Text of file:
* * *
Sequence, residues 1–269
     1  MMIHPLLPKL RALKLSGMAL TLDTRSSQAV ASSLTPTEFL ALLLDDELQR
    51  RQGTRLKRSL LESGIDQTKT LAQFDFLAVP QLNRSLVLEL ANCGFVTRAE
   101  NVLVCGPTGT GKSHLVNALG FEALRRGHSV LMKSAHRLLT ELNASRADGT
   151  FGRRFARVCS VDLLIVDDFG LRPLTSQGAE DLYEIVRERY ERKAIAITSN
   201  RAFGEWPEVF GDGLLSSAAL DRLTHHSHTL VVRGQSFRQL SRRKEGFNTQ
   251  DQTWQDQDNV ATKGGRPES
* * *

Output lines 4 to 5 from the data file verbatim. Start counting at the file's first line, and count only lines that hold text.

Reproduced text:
   101  NVLVCGPTGT GKSHLVNALG FEALRRGHSV LMKSAHRLLT ELNASRADGT
   151  FGRRFARVCS VDLLIVDDFG LRPLTSQGAE DLYEIVRERY ERKAIAITSN